Wages in Our Social Ordering
Feb 5, 2011

Wages in Our Social Ordering

How much ought one be compensated for an undesirable job? That is, for jobs which are undesirable for reasons outside of monetary compensation such as perhaps being physically tolling, repetitive, of low intellectual simulation and the like. Economically, a demand side consideration implies the lower demand for such tasks would result in higher remuneration than for more desirable tasks out of need to entice people to the less desirable jobs. However, any observation of our society shows this is far from the truth. Indeed, undesirable tasks are almost universally paid very poorly.

This contradiction implies that the supply side of economics is utterly dominating in this case. Namely, there is such an enormous supply of labour willing to accept undesirable jobs that the relative undesirability becomes irrelevant to their compensation. Our current social ordering of low compensation to low desirable jobs is thus entirely predicated and dependent upon significant class divide in our society. Desirable jobs remain with the relatively well off (such as the highly educated) while undesirable jobs are deferred to the poor. It is the striking size and asymmetry of this societal division that results in the supply side economics trumping demand side economics in labour wages.

A large part of this of course is the correspondence between highly desirable jobs and highly skillful jobs. This connection is worth exploring more deeply at another time, but it is certainly interesting that by and large jobs people find pleasure in doing require considerable skill. A high skill job has a small amount of people capable of doing it and hence constrained supply therefore higher wages. Low skill jobs have a high fecundity - people can do them with little training or experience - and thus have a large pool of people capable of performing them. The large supply results in lower labour wages.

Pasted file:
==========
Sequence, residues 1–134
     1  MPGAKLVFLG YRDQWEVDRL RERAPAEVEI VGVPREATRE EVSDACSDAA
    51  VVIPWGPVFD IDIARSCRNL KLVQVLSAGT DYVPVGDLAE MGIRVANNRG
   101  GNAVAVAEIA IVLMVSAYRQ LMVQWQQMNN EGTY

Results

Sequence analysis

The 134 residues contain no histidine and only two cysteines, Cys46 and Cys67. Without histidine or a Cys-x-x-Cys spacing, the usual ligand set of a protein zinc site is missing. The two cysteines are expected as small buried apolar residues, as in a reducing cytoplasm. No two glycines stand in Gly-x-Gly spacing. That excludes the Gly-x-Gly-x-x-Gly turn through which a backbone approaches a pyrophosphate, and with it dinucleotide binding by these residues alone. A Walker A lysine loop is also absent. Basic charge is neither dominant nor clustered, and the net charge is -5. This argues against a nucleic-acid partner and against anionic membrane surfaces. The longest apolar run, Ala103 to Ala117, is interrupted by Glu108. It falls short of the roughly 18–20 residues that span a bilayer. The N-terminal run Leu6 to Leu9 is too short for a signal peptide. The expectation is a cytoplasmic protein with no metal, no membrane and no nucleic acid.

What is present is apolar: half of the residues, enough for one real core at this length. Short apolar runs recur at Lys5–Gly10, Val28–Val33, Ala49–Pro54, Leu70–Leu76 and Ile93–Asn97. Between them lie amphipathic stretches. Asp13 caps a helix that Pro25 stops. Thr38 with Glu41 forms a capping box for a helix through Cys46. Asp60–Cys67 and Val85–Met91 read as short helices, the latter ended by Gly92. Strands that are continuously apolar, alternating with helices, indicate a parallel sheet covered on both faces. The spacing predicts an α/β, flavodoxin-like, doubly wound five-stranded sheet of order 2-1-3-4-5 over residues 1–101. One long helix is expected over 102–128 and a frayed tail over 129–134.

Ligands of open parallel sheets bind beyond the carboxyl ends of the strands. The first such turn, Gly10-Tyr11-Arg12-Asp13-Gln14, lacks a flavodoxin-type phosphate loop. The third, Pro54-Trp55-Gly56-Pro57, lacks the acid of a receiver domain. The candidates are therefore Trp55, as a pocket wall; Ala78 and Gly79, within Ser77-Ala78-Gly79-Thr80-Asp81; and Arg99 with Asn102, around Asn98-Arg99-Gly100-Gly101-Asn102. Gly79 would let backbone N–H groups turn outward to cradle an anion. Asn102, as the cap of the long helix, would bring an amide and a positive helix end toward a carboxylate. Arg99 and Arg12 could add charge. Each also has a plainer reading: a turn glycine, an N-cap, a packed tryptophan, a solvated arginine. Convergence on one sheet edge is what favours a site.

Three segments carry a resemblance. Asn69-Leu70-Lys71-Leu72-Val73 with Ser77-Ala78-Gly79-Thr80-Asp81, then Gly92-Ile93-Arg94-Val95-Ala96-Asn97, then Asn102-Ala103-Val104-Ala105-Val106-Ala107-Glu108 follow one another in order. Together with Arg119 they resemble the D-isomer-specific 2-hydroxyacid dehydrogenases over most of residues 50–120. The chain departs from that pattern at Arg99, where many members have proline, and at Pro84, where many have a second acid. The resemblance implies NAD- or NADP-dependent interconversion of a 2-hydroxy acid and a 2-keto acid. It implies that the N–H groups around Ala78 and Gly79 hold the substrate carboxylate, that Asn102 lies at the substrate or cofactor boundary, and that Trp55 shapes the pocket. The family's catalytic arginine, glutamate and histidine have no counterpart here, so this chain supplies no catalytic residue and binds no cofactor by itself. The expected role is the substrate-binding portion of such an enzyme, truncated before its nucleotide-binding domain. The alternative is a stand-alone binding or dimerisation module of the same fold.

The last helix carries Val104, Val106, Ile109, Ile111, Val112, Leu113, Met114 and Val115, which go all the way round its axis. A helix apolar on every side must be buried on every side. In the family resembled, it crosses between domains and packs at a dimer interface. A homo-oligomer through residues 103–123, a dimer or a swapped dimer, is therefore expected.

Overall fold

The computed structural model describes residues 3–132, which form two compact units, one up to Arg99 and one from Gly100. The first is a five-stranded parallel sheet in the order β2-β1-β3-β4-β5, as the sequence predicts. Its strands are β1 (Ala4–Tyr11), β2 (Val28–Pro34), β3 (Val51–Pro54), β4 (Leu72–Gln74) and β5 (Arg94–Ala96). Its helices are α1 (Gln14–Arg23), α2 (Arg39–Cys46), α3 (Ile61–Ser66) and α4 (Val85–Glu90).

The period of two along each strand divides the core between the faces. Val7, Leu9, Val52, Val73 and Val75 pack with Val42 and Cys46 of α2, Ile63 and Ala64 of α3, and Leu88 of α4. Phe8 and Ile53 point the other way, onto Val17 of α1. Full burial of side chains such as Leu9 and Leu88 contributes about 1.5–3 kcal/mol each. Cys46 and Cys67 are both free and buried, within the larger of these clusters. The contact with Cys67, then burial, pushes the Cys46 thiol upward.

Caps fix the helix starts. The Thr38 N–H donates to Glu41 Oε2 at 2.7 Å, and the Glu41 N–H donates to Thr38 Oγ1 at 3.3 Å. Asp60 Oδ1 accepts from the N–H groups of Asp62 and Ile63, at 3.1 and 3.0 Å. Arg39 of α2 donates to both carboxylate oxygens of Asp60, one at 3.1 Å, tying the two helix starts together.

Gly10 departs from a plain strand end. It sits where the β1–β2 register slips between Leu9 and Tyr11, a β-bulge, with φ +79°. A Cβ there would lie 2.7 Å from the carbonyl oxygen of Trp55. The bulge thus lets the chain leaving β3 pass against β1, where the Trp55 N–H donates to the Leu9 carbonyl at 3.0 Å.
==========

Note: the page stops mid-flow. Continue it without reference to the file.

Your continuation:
It is in this context that we see how it is the sheer size of the lower classes that results in their low wages for undesirable labour. Furthermore, the larger society is dependent on a class division of this general magnitude to maintain this backwards seeming wage disparity where undesirable jobs are remunerated less than desirable ones. 

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